Three-year-old Lazy Springs Recreational Park is just the opposite of lazy. It is more like a small amusement park on steroids.
Its core financial model ($20 per capita with less than a five percent labor cost) and attractions operational philosophy are completely ‘opposite’ of our traditional amusement entertainment industry. At Lazy Springs, attractions are not staff supervised; there are no lifeguards and no life jackets provided by Lazy Springs.
Their call to action may be similar: “You bring the family, we bring the fun,” but their out-of-the-box approach to what they call “asset management” is what really makes Lazy Springs both unique and highly profitable. This is my main reason for passing on what I have learned from Owners/Partners Bill McDaniel and James Ivy.
The 375-acre outdoor recreation park has just about every activity that outdoor enthusiasts crave. The pricing is simple: $10/person/day in advance (kids under nine are free) and $10/recreation vehicle (you must “run what you brung,” no rentals). Everyone signs a waiver. A bus and a motor home are considered recreational vehicles.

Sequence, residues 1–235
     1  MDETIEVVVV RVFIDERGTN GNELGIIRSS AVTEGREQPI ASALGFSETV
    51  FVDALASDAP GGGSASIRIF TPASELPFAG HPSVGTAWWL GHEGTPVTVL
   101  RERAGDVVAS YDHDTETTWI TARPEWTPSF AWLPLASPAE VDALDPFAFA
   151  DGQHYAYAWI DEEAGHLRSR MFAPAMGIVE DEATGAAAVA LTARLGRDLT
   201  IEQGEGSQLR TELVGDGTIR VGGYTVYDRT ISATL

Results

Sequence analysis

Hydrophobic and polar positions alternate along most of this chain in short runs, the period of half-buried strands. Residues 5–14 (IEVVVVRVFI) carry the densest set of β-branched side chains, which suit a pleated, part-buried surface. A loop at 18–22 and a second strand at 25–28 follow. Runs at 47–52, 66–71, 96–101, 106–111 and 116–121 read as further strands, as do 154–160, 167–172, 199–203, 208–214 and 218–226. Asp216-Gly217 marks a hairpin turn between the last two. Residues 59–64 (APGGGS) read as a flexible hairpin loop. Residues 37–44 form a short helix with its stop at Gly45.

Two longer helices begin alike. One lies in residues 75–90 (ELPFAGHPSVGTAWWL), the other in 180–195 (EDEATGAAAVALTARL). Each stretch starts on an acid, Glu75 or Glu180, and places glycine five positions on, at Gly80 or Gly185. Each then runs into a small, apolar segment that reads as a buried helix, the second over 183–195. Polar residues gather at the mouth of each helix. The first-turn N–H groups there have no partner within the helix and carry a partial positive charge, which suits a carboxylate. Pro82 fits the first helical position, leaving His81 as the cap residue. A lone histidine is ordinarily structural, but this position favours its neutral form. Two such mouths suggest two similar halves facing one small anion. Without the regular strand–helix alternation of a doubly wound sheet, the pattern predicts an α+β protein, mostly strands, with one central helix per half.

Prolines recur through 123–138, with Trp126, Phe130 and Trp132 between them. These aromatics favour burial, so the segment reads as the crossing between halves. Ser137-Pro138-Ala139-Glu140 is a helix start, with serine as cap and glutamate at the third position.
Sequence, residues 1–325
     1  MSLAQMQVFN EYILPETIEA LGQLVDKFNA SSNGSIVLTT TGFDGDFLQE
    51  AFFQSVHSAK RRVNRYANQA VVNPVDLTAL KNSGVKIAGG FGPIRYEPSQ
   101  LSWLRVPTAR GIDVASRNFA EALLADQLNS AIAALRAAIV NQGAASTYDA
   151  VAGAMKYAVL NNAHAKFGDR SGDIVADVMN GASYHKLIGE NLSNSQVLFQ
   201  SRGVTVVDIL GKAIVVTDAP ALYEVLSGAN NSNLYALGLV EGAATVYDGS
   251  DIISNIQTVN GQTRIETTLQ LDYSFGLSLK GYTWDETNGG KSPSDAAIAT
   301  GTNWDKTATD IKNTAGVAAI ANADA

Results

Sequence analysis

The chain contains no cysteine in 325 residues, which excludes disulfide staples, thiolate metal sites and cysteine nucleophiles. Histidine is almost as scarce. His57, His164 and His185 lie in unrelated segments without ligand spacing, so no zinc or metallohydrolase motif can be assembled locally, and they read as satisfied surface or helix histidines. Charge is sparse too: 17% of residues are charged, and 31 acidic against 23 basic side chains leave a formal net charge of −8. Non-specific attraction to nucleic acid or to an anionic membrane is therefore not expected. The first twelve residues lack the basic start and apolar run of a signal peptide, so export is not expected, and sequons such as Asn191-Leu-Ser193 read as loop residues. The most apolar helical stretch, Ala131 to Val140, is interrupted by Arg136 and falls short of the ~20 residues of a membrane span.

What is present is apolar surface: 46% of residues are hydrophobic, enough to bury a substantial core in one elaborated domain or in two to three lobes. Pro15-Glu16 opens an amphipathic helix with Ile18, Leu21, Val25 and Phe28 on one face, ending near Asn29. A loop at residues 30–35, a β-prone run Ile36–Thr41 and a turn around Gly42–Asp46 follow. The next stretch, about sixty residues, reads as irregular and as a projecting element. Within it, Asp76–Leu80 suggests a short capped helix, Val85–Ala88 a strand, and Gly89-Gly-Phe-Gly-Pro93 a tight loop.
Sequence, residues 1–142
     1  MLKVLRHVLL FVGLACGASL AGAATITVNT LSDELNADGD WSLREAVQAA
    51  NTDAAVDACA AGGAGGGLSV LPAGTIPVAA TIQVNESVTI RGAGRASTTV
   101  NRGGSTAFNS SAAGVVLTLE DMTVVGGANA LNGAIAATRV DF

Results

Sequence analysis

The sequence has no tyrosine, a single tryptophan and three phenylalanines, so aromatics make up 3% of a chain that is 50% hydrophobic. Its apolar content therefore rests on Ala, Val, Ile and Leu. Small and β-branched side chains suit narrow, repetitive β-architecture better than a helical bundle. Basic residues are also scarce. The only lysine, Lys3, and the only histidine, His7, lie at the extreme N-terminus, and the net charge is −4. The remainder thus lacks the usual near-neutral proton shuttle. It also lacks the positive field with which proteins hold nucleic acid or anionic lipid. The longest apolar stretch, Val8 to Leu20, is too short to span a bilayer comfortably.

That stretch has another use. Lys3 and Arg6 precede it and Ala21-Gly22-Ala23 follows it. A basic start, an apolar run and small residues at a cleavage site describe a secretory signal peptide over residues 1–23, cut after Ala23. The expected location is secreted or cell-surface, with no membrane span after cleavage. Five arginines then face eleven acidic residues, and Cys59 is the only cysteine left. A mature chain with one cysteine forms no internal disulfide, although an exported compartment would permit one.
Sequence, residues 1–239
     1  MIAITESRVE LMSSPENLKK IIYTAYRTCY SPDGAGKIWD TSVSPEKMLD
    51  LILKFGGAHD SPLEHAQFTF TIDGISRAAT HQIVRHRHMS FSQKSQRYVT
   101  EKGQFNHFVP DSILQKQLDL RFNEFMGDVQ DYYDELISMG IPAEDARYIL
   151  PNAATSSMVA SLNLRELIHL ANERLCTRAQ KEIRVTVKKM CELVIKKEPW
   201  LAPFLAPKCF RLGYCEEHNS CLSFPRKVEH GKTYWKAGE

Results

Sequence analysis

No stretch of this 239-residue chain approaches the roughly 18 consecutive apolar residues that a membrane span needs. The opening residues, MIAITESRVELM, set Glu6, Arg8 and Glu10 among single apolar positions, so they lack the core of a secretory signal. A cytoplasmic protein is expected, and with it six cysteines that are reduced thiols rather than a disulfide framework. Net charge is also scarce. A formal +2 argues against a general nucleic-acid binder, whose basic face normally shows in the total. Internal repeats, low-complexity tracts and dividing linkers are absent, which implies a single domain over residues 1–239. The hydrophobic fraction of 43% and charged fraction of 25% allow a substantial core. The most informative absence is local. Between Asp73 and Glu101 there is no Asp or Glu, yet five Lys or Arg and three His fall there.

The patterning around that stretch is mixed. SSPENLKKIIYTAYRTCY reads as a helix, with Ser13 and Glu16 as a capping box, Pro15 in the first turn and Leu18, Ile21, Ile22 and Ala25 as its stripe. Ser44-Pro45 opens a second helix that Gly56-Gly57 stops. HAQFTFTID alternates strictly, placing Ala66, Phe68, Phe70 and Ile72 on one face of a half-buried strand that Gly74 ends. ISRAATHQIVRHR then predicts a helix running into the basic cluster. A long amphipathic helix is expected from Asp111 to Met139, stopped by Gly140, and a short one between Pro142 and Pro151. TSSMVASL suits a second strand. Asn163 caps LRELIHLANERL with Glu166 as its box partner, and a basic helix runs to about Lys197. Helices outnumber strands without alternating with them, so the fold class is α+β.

The rules are simple: If you see anyone with glass, speeding, littering, riding after dark, or engaging in inappropriate behavior, call us; don’t confront. The speed limit for driving any vehicle on the park roads is 10 mph.
The guiding business principle from Co-owner McDaniel is, “People, in general, lie. We help them to not cheat so they do not have to lie. Yes, glass is prohibited. Anyone caught with it is called a ‘glasshole.’ Our guests really appreciate our strict rules.”
There are up to 10 security personnel on event days riding around on ATVs and two county deputies stationed at the front gate. Gates close at sunset and re-open at sunrise. There is no vehicle movement permitted during after hours. Alcohol is permitted but it is an official misdemeanor if you are seen drinking while driving any vehicle.
Imagine spending a day/weekend actively, or as a spectator, enjoying what we might label as attractions in the family entertainment center (FEC) industry. A quick summary of current and new attractions continually being introduced as the park expands are:
• Six lakes with 80-85 degree water temperature (eight miles of coastline) for boating; water skiing; wave running; swimming; fishing (catfish pond, bass, blue gills – 8-10 lbs. – can keep ‘em and cook ‘em or throw ‘em back and catch ‘em again); scuba; Southern Extreme Waterski Show; paddle boats; three rope swings (45 foot long telephone set at 45 degrees); and Slip and Slide, a 60-foot long plastic slide for body or on inner tube.